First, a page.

by Jim Broadbear, Ph.D., CWP, NBC-HWC & Barbara Broadbear, Ph.D., MPH

Personal interactions with wellness clients happen in various ways. Digital or face-to-face, they range from brief interactions to ongoing intensive relationships such as in health & wellness coaching. Whatever the context for our interactions with clients, a highly impactful technique is asking questions. Asking evocative questions is an essential skill for wellness professionals (Moore, Jackson, & Tschannen-Moran, 2016). Questions infuse interactions with curiosity, creativity, and compassion. They invite clients into dialogue that helps clarify their thinking, generate insights, and build motivation.

Contrary to the adage that all questions are good, it pays to be judicious with the questions we ask clients. We may only have one chance to connect and make an impact. The most powerful question was derived from various books such as Eat that Frog, How to Begin, The Stress Prescription, On Purpose, and Atomic Habits. A common theme throughout these books is a bit of ancient wisdom – determine what really matters and organize your life accordingly. We have frequently used the question with individuals and groups to great effect. In our experience, a response is immediately available for practically everyone. Like all questions, it works best when the person is prepared to respond with a focused state of mind. You can say, “I have an important question for you. To respond effectively, take a deep breath to focus. Now, say the first thing that comes to mind as I ask…

What is one thing you could start doing today,
that would have a profound, positive impact on your life?”

A lot of factors make this such a powerful question.

  • It is highly relevant – focusing people on the here and now.
  • It is emotionally compelling.
  •  It is clarifying – cutting through the clutter.
  • It is highly personal.
  • It emphasizes starting a positive healthy behavior which can feel more compelling than eliminating an unhealthy one.
  • It limits judgmental responses such as one we have heard before, “Stop being lazy.” These can be converted through follow-up discussion to positive alternatives such as, “Move.”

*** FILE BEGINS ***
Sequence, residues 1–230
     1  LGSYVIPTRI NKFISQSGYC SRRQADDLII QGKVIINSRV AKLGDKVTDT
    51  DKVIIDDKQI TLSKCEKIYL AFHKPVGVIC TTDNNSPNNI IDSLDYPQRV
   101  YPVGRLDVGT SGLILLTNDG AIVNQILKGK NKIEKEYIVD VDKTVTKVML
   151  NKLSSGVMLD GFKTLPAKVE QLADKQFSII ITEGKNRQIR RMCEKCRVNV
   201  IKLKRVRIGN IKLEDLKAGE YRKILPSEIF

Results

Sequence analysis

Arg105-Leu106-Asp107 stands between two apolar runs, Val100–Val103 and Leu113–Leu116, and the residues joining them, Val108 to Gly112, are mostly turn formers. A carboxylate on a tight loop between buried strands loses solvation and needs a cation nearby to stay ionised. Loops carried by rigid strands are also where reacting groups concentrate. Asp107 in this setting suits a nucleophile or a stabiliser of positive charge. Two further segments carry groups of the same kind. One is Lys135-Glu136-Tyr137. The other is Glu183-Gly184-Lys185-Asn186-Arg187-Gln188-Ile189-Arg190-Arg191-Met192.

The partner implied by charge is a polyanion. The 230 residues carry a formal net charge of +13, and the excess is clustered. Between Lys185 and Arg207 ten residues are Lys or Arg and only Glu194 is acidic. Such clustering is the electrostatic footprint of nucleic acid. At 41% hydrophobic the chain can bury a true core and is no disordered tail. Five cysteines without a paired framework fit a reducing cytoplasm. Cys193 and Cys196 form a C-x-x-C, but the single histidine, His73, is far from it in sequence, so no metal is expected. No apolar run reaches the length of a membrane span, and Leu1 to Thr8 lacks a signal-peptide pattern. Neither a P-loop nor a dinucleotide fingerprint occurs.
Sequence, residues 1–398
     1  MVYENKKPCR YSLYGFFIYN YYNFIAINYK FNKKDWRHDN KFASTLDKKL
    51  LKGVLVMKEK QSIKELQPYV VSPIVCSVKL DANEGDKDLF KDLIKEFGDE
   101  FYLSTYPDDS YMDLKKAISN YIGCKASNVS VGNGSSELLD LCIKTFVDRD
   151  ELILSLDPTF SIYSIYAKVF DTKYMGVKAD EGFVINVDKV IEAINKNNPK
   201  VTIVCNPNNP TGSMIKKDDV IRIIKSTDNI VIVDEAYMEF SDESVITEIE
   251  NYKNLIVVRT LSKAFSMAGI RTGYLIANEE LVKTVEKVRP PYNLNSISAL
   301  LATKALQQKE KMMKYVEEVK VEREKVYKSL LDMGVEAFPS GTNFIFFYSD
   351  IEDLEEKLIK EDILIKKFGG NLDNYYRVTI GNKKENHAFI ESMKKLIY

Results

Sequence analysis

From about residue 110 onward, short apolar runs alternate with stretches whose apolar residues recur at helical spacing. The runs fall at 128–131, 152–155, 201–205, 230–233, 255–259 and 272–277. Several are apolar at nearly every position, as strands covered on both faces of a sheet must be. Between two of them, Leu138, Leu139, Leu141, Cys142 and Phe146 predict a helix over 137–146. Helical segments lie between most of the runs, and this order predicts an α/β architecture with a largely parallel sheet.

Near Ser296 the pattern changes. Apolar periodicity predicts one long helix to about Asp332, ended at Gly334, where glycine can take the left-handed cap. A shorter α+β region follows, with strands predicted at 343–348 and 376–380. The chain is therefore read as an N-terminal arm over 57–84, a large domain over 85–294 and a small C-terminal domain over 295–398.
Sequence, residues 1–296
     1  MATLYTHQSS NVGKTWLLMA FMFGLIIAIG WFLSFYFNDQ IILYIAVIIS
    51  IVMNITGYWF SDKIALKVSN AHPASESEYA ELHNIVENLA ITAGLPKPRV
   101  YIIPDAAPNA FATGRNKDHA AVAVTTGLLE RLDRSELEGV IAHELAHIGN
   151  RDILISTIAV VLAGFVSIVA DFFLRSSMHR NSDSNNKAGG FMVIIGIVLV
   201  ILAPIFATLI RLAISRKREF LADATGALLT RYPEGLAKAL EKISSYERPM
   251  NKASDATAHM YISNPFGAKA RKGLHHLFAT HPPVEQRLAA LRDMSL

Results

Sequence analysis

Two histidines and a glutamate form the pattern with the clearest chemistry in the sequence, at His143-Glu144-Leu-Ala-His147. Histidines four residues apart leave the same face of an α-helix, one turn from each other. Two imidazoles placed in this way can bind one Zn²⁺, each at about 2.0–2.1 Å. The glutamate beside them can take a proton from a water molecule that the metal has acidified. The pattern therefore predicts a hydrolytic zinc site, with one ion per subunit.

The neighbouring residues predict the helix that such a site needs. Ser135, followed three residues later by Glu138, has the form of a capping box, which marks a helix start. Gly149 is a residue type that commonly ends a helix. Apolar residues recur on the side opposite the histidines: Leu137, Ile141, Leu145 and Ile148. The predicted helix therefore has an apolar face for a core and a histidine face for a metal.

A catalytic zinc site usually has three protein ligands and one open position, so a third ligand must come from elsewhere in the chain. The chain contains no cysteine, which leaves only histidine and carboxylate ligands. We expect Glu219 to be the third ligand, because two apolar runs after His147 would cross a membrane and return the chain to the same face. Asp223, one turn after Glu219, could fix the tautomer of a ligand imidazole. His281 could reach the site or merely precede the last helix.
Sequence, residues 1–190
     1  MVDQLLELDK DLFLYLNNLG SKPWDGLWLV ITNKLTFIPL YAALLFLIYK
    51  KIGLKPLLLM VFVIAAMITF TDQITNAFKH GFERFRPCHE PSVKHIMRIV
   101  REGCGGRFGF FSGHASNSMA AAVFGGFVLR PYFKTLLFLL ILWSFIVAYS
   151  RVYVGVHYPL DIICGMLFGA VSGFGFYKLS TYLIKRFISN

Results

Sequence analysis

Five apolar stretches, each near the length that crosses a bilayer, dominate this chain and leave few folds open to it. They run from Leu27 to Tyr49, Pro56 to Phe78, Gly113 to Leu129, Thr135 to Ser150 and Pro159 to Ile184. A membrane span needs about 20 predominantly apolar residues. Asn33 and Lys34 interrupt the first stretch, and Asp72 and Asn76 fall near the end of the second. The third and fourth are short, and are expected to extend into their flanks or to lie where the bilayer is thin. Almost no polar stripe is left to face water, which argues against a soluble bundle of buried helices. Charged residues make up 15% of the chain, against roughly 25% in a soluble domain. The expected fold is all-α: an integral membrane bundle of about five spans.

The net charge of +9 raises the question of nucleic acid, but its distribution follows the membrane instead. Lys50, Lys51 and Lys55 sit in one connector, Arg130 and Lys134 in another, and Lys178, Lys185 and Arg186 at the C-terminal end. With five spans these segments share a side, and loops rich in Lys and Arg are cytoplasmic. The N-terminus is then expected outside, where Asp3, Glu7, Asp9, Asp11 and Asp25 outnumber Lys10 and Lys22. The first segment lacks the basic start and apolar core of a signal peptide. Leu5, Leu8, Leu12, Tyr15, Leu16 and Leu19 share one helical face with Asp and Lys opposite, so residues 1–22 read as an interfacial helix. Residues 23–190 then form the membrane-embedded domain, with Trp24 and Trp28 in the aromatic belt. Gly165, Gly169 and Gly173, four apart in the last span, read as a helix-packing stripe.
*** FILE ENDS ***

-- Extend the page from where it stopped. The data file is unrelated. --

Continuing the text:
• It generates a response that is worth it. Behavior change is hard work so it is good to focus on a profound behavior.
  • It is actionable – i.e., “…start doing today.”
  • It is real. The response is typically a behavior at the front of a person’s awareness.
  • It encourages engagement and ownership.

All of these factors illustrate the power of the question and also serve as good source of further dialogue. For example, what makes (the person’s response) relevant? Compelling? Positive? Worth it? Actionable? People are able to offer many reasons why the wellness behavior they identify is their “one thing” that will make a profound, positive impact. With that in mind, an accelerated pace and trajectory of real behavior change is possible.

Ask your clients questions. The most powerful question could be the most evocative of all.

Jim Broadbear, Ph.D., CWP, NBC-HWC is Professor and Program Director of Health Promotion & Education at Illinois State University. He has over 30 years of experience in Wellness in higher education and health & wellness coaching. He previously served as Director of Wellness for St. Anthony’s Hospital, St. Petersburg, FL.
Barbara Broadbear, Ph.D., MPH is Associate Professor and Director of the School of Exercise Science and Sport at Millikin University. In addition to work in higher education she has extensive experience in worksite wellness, medical-based fitness, and community health education.



Bungay Stanier, M. (2022). How to begin: Start doing something that matters. New York: Macmillan.

Clear, J. (2018). Atomic habits: An easy & proven way to build good habits & break bad ones. New York: Avery.

Epel, E. (2022). The stress prescription: 7 days to more joy and ease. New York: Penguin.

Moore, M., Jackson, E., & Tschannen-Moran, B. (2016). Coaching psychology manual (2nd. Ed.). Philadelphia, PA: Wolters Kluwer.

Strecher, V. J. (2013). On purpose: Lessons in life and health from the frog, the dung beetle, and Julia. Ann Arbor, MI: Dung Beetle.

Tracy, B. (2017). Eat that frog! 21 great ways to stop procrastinating and get more done in less time (3rd ed.). Oakland, CA: Berrett-Koehler.